Institute for War and Peace Reporting | Giving Voice, Driving Change
Fallujah's Front Line
The closest we can get to Fallujah on the main highway from Baghdad is a checkpoint manned by United States forces outside the town of Abu Ghraib, some 20 kilometres short of our destination.
As we approach, drivers heading the other direction tell us we need to continue our journey on back roads. "It's only open to the over-fifties – old men only," shouted a passing cabbie. Fighting-age males such as us are banned.
We turn onto the side roads running through the orchards and fields of the Euphrates valley, asking passers-by the way to Fallujah.
The route is well known. For the past week, volunteers have plied it to bring in weapons and supplies. The stretch of countryside between Baghdad and Fallujah is known for its strong tribes, its Sunni conservatism, and its tradition of military service. The towns here are little more than dusty market streets, surrounded by groves of palm and citrus trees.
Today, the towns are deserted, and all government offices are closed. Some graffiti on a nearby wall reads, "To any Americans: say hello to the mujahedin before they kill you."
Since the Americans moved into Fallujah on April 4, inhabitants of this region – many whom have tribal ties with the embattled city – have been launching solidarity attacks on US military columns passing through the area.
Residents say the Americans have closed the highways in return, firing on anyone who moves outside of the towns. At the main hospital in Abu Ghraib, doctors tell us that 24 civilians have been killed in the last week alone.
One of them was 11-year-old Anwar Aziz. Doctors say soldiers shot him when he threw a stone at a passing Humvee. The bullets ripped away most of his chest. They believe the soldiers must have thought the boy was throwing a grenade.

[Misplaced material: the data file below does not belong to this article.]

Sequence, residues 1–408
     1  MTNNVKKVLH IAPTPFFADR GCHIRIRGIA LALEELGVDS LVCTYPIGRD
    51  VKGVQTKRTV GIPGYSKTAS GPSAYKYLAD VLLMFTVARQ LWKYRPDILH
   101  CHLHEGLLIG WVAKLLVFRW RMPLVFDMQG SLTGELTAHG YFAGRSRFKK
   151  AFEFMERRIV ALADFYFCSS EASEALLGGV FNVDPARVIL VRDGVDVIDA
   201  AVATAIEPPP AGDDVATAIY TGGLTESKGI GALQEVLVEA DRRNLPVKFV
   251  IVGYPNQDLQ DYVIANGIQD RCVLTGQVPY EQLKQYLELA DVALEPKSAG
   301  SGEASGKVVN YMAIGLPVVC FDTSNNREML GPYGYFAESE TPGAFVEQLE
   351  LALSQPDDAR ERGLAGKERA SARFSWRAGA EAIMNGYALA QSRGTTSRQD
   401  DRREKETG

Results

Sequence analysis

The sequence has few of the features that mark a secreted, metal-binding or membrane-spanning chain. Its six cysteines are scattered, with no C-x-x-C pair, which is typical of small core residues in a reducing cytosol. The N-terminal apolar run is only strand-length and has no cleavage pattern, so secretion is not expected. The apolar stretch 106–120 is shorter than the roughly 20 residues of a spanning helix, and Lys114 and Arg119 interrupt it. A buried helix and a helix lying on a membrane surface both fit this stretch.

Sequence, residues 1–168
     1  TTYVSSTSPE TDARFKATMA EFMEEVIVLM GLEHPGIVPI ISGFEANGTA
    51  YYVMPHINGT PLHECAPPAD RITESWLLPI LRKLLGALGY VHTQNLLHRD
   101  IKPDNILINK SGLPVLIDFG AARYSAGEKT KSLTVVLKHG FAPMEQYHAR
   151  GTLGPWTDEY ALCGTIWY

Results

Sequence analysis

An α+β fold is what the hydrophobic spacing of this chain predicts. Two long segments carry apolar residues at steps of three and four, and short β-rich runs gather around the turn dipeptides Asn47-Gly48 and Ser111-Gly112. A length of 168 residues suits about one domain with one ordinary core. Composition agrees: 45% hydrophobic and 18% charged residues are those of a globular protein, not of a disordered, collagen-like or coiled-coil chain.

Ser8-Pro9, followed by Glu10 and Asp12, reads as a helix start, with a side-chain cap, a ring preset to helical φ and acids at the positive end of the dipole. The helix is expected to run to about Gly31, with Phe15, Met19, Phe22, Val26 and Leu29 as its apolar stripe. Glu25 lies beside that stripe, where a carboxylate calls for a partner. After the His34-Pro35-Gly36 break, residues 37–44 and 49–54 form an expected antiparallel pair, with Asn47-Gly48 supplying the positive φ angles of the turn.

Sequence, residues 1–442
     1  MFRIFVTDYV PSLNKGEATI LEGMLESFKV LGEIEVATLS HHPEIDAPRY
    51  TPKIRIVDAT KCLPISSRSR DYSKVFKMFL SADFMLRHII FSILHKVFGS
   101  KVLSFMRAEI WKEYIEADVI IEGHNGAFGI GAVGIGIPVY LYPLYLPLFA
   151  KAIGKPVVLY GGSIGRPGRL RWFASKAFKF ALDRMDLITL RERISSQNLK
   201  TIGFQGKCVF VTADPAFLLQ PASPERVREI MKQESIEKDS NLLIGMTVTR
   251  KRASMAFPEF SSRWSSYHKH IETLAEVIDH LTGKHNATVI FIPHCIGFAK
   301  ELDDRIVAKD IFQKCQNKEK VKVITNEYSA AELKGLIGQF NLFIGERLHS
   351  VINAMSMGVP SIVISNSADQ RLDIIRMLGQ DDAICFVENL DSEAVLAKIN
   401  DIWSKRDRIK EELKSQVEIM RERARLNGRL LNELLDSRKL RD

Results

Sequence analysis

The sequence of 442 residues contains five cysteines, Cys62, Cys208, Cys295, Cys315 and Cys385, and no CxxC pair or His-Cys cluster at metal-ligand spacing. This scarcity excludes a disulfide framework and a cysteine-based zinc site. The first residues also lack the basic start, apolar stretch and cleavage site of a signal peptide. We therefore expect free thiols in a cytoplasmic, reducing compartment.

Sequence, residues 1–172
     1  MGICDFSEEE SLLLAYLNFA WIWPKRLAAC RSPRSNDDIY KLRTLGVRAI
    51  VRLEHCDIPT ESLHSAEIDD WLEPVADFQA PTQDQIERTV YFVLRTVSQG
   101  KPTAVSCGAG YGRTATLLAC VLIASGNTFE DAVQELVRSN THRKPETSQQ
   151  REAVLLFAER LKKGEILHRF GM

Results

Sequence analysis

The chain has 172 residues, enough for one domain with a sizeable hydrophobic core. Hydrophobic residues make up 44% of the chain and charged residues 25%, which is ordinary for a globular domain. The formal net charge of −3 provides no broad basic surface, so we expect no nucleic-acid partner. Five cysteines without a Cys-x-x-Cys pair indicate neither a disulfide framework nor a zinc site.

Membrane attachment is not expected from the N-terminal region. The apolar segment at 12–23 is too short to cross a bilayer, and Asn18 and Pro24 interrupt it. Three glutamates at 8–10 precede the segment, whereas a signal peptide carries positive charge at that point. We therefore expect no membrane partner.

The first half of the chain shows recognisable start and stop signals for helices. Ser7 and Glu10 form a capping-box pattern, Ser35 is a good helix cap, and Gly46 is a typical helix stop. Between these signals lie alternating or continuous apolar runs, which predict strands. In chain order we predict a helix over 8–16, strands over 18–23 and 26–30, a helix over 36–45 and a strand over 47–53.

A friend takes us to see the boy's father, Aziz Mohammed al-Hiyali. The man welcomes us in his house, and vents his anger. "Was my son a terrorist?" he asked us. "Did my son threaten security? He was a child, but he hated the occupation, and his stone was answered with a bullet. The blood of my son will not be wasted, and we shall avenge him."
We drive on.
In the town of Gurma, only a few km from Fallujah, the fighting has only recently ended. Two burned-out Humvees at the entrance to the town – one in the street, the other crashed into a nearby riverbed – bear witness to the intensity of the fighting, as do holes ripped through the walls of buildings.
The police station has been abandoned. Inside, a one-legged man loads chairs and satellite receivers onto his pick-up truck with the help of his two adolescent sons. He mocks the police for leaving. "Where do you imagine they got off to?" he asked.
Most of the inhabitants fled across the desert during lulls in the fighting, while others express their fury at the Marines for turning their town into a battlefield.
"Bush doesn't need to dig mass graves - he collapses our houses on top of us," shouted Abed Eid, pointing to the remains of three metal casings marked as AGM-114s - helicopter-fired "Hellfire" missiles - which slammed into his home.
Although the police are gone, there's still someone keeping an eye on things.
A pick-up truck pulls up, and the clamour of voices suddenly dies. Two men get out, their faces covered by the red-and-white checked yishmagh shawl favoured by the insurgents. They demand to know who we are, and to see our identification. "Are you spies?" one of them asked.
Satisfied we are journalists, they point to one of us, Aqil. "You - come with us. The rest of you - stay here," they said.